Truffle provides a system for managing the compilation and deployment artifacts for each network. To make an actual transaction and put a smart contract on-chain we have to provide Truffle with an appropriate configuration. We configure each network separately. From this post, you will learn how to prepare a setup and deploy to a few widely used test networks.
devBlog of Michal Zalecki
Depends on how you count, second and third generation blockchain applications are not bound by restrictions of underlying protocols. Programmers can create smart contracts, distributed applications with access to code-controlled accounts - opposed to a private key. Use cases go far beyond exchanging value and applies where users benefit from replacing trust between parties with code.
For me, using a terminal is fundamental to tasks automation. I love to augment my workflow using a command line tools. One of the things I try to automate is preparing assets for using them in web apps. This post is a kind of documentation to me.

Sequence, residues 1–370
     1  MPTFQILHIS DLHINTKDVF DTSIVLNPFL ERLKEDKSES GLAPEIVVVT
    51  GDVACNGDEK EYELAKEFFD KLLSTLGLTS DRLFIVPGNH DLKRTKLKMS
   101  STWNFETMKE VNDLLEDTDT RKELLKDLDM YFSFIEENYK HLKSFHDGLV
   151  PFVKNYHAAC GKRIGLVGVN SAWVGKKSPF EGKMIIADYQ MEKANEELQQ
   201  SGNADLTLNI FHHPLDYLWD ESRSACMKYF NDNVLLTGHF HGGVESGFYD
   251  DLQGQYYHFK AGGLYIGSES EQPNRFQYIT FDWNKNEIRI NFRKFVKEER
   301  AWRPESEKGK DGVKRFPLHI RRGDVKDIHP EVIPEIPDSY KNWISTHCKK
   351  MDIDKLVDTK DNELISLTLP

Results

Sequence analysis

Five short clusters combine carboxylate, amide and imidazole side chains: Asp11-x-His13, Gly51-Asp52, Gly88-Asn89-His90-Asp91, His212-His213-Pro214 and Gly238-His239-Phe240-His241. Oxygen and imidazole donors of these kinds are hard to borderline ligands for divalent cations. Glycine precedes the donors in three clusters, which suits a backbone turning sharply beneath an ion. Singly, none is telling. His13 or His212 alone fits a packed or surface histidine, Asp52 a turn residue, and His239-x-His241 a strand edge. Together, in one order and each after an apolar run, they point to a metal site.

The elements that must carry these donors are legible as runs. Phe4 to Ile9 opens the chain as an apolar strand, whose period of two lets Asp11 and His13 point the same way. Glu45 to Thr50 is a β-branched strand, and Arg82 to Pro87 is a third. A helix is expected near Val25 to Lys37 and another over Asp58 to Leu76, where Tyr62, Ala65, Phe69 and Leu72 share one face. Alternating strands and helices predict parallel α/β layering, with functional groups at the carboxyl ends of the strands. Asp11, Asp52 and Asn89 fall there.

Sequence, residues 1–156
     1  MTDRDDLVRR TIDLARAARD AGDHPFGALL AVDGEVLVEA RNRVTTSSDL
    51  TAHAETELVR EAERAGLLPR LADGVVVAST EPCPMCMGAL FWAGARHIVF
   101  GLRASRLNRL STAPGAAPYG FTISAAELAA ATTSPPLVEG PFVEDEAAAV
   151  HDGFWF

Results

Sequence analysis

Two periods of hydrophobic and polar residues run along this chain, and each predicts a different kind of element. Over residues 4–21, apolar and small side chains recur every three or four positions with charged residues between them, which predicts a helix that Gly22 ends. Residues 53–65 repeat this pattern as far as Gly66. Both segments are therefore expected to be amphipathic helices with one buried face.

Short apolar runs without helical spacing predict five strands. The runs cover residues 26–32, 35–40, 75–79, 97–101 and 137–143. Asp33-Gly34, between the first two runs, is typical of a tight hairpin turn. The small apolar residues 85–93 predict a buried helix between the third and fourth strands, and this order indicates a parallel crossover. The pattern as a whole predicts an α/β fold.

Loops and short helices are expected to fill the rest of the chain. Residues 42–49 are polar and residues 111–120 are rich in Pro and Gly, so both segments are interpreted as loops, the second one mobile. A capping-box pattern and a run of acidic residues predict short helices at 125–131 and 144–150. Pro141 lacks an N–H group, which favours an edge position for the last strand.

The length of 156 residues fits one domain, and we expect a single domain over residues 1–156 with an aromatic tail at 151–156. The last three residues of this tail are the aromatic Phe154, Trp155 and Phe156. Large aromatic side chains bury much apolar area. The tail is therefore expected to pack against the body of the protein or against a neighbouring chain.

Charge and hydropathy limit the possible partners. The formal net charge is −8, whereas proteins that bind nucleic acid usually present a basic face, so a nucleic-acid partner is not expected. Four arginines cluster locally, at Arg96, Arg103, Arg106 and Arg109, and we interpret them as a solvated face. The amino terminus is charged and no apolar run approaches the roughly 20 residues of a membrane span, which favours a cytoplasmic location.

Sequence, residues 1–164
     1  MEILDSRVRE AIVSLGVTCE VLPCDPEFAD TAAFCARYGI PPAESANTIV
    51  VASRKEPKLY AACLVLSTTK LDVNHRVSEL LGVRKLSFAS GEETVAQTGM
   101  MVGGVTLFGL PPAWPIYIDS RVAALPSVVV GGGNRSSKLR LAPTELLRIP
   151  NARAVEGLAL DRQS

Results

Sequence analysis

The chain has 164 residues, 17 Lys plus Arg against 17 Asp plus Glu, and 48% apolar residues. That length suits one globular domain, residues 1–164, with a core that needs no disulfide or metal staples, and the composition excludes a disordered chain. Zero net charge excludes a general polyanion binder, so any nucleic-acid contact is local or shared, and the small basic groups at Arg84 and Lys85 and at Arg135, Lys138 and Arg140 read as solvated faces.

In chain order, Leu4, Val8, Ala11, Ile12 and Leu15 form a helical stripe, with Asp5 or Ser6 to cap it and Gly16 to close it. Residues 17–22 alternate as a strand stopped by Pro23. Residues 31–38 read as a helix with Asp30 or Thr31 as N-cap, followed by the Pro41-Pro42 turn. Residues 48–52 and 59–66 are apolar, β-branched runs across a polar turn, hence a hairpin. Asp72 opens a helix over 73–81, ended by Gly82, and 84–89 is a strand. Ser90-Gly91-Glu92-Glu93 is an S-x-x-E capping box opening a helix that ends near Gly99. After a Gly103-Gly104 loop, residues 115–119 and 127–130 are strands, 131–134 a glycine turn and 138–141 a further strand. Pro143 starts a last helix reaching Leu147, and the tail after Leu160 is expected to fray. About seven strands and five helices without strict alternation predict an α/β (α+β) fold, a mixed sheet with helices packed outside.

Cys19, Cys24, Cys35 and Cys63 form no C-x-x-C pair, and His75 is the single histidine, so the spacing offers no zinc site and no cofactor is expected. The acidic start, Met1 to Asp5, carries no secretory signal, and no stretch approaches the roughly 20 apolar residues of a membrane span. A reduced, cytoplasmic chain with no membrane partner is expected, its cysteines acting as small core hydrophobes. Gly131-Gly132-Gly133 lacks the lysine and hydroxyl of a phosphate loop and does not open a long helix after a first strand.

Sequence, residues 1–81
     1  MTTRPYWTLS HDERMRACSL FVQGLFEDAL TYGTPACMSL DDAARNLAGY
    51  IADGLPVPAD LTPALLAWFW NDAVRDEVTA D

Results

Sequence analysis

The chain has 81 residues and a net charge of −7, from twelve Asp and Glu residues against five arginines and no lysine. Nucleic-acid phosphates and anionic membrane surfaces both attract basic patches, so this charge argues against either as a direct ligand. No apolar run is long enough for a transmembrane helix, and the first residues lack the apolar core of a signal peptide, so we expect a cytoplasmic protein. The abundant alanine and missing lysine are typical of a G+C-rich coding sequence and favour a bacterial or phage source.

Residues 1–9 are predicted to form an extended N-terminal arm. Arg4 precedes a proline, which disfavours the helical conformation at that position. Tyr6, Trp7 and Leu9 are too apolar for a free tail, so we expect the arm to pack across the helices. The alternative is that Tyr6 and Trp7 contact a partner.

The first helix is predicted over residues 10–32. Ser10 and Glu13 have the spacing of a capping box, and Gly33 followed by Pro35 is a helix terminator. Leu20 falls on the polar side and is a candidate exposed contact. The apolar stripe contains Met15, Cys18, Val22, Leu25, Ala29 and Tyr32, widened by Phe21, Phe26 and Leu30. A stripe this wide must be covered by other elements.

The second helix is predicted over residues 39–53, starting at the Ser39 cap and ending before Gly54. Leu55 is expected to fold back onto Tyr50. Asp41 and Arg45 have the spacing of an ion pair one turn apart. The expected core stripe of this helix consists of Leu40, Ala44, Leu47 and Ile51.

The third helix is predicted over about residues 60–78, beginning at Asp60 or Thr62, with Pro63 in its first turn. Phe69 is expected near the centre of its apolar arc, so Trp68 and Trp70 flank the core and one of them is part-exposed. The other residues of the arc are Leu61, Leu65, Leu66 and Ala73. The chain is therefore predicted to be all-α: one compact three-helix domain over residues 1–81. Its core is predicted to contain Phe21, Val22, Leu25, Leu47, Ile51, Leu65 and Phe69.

Redux Thunk is one of the most if not the most popular Redux middleware with over 2 million downloads a month. If you compare this number to the Redux 4 million downloads a month, it is easy to figure out that over half of Redux projects are using Redux Thunk. As the name “thunk” suggests, the main goal of Redux Tunk is to allow for lazy evaluation (dispatching) of actions. While this makes it possible to dispatch actions in an asynchronous manner, it also makes it harder to test.
Fixtures are a thin abstraction layer over sample data in your application which allows for better organizing, often complex, data structures representing different entities. If this sounds like a vague description or does not ring the bell maybe an example will speak to you better.
There are a few major reasons due to which you may find yourself creating a library. One, obviously, is that you have a solution which you would like to share with the Open Source community. The other one is that you need to reuse code across different projects or in the same project but on different platforms.
React works, in what I would call, homogeneous manner. A tree of components is going to be rendered in the given component using a render or recently introduced hydrate function. You are not supposed to change DOM elements created by React or at least do not change components which can return true from shouldComponentUpdate. But what if you need to change an element outside of the React realm? Well, portals are the way to go!